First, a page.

LIU Faculty To Protest Against Lockout By Campus Administration

LIU Faculty To Protest Against Lockout By Campus Administration
LIU faculty members during a protest in 2011. (Long Island University Faculty Federation (LIUFF) / Facebook)
LIU faculty members during a protest in 2011. (Long Island University Faculty Federation / LIUFF Facebook)

Long Island University faculty members are outraged at the school’s plan to bar them from entering the campus after their union contracts expired in August, and are planning a protest on the first day of classes to call attention to labor injustices.

According to the Long Island University Faculty Federation (LIUFF) — a union representing both full-time and adjunct faculty throughout all LIU campuses — the administration took an aggressive step to prohibit members, “from stepping onto campus and conducting their work,” after their contracts were up on August 31.

“The Administration has taken an unprecedented act of aggression and hostility against our faculty and students by preemptively locking the faculty out of coming to work effective Friday, September 2 at midnight,” said Jessica Rosenberg, an LIU professor and union president. “This action was taken against us while we continue to negotiate in good faith.”

Rosenberg said the union requested to negotiate a deal with the LIU administration since April but instead were notified through email of a “possibility” of being locked out. The next negotiating session is scheduled for Thursday, September 8.

The union told its members they would not have access to their offices, and to gather their personal belongings, including computer files before the midnight September 2 deadline.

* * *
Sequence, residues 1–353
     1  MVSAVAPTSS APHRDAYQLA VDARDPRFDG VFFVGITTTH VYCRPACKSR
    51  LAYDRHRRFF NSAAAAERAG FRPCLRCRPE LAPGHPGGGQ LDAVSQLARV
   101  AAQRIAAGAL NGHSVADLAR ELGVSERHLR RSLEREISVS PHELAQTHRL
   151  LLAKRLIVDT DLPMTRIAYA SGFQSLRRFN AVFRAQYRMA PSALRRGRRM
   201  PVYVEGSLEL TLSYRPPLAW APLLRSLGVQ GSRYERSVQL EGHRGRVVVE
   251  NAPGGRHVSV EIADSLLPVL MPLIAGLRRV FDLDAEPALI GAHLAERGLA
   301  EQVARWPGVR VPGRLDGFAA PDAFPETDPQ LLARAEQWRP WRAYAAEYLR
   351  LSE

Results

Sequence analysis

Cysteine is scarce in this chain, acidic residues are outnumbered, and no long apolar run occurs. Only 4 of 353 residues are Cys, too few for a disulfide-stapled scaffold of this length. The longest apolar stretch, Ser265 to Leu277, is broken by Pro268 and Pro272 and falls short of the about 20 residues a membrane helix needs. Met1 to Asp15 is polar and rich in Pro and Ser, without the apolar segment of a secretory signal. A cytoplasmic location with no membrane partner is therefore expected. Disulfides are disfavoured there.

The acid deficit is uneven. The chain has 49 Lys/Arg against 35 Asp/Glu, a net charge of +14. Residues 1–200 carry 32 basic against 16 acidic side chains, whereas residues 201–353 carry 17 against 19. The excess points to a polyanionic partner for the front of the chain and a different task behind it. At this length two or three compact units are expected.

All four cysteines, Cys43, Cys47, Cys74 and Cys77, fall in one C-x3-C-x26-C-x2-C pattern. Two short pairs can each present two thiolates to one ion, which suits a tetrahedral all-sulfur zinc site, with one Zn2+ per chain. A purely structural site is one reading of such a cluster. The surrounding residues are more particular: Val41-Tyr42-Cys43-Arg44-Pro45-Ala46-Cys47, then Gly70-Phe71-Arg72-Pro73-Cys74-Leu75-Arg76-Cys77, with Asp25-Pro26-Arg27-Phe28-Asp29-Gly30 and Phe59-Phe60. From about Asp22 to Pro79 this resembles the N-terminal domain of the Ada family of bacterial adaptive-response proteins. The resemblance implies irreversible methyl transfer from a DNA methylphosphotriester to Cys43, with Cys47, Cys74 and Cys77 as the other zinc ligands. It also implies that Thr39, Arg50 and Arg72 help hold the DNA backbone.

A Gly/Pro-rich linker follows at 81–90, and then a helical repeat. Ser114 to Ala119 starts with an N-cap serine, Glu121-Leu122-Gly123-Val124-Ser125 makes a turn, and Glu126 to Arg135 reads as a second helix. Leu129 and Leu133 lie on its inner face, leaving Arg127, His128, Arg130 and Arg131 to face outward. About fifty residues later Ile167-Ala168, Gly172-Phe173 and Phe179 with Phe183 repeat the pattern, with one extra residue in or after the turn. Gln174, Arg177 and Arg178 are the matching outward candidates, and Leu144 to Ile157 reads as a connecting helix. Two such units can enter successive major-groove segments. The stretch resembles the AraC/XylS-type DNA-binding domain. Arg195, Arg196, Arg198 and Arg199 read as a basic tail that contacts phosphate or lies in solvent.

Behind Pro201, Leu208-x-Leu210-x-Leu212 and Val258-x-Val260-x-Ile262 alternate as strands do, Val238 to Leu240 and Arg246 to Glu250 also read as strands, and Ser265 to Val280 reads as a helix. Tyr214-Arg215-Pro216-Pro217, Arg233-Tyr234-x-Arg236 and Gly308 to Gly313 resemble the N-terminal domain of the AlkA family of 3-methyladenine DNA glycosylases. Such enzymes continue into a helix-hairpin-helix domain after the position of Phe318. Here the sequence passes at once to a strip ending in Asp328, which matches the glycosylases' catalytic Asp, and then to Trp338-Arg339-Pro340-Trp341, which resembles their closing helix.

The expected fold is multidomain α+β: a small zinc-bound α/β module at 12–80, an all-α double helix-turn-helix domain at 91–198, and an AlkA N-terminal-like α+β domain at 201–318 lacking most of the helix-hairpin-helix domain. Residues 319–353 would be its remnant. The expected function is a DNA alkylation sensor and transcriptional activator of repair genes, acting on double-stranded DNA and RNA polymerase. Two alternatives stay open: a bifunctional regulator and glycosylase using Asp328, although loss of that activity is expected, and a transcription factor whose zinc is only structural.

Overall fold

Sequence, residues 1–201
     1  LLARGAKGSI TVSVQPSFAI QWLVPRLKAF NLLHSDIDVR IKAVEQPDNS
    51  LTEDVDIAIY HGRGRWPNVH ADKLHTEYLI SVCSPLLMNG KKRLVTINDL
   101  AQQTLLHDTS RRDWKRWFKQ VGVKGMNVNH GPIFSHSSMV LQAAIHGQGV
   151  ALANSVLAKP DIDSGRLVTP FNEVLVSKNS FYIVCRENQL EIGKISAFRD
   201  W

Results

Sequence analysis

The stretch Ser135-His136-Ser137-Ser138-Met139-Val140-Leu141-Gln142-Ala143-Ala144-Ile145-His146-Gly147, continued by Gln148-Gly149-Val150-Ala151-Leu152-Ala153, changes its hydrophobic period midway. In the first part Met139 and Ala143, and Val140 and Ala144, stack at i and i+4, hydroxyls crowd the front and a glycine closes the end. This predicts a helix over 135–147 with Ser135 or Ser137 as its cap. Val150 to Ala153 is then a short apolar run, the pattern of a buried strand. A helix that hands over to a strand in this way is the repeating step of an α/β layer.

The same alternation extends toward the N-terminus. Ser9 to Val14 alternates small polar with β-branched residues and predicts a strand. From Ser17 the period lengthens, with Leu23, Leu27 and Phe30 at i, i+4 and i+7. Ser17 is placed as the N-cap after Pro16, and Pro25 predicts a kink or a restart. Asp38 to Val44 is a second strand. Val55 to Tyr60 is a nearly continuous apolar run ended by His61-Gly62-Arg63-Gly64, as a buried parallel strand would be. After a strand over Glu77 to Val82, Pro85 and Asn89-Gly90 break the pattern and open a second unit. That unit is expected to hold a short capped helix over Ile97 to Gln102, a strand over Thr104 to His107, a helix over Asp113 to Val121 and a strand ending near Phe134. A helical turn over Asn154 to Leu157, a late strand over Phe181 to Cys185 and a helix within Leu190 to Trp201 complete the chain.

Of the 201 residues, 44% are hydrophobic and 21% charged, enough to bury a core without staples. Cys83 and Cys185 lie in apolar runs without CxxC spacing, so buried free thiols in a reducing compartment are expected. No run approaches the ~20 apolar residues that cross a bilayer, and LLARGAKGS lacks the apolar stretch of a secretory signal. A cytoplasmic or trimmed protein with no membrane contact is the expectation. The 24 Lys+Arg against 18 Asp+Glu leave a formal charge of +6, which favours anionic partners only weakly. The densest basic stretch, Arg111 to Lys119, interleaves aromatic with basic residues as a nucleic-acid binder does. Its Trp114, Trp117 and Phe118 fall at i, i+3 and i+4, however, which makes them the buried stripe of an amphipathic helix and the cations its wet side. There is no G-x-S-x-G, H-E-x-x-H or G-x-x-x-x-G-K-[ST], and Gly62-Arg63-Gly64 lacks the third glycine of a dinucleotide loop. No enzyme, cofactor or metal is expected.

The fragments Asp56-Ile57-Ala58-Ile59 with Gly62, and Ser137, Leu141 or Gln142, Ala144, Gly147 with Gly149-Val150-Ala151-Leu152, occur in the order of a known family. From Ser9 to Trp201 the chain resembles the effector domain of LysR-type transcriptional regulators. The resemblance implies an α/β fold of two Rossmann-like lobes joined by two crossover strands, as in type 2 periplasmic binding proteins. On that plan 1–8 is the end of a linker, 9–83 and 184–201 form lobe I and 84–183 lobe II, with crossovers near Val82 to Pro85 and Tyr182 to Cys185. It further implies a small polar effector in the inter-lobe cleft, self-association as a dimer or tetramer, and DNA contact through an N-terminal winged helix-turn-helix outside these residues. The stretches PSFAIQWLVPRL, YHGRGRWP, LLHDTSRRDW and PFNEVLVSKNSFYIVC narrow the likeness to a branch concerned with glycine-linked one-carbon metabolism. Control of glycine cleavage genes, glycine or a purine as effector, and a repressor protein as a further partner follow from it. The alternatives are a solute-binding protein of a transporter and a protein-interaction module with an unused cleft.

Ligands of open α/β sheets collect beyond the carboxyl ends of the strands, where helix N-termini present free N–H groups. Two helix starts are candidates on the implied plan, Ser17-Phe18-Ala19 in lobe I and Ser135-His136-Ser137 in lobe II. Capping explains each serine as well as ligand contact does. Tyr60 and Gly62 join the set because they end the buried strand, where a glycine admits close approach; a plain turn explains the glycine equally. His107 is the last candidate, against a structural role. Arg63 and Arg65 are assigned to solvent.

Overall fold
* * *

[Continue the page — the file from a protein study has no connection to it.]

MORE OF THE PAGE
Under a lockout, the administration has the right to replace a worker temporarily, not permanently, but at the conclusion of the lockout, they are entitled to return to work, the union said.

“We anticipate that LIU will take steps to cancel health care coverage,” the union said, and it encouraged its members to apply for unemployment benefits here. “They (LIU) will send out information about COBRA if they do in fact, cancel health care.”

In addition, LIUFF states:

“The lockout is the culmination of a series of actions taken by the administration over the summer that include advertising for replacement workers, unilaterally canceling classes, and uploading erroneous materials to course management websites. The Brooklyn Faculty Senate has submitted two official complaints to the Middle States Commission on Higher Education alleging non-compliance with accreditation standards regarding shared governance, integrity and academic practices.”
The University seeks to eliminate a parity clause despite a long history of greater resources and compensation for suburban LIU Post; continues to offer Brooklyn a lower salary increase; seeks onerous changes such as post-tenure review; and aims to impose harsh new exploitative conditions on part-time adjunct faculty, including elimination of its benefit trust fund.

A protest will take place in front of LIU’s Brooklyn campus on Flatbush and DeKalb Avenues at 10 a.m. on Wednesday, September 7, which is also the first day of classes, Rosenberg said.

“A lockout is different from a strike,” Rosenberg said. “We are not on strike, and therefore we cannot be permanently replaced.”

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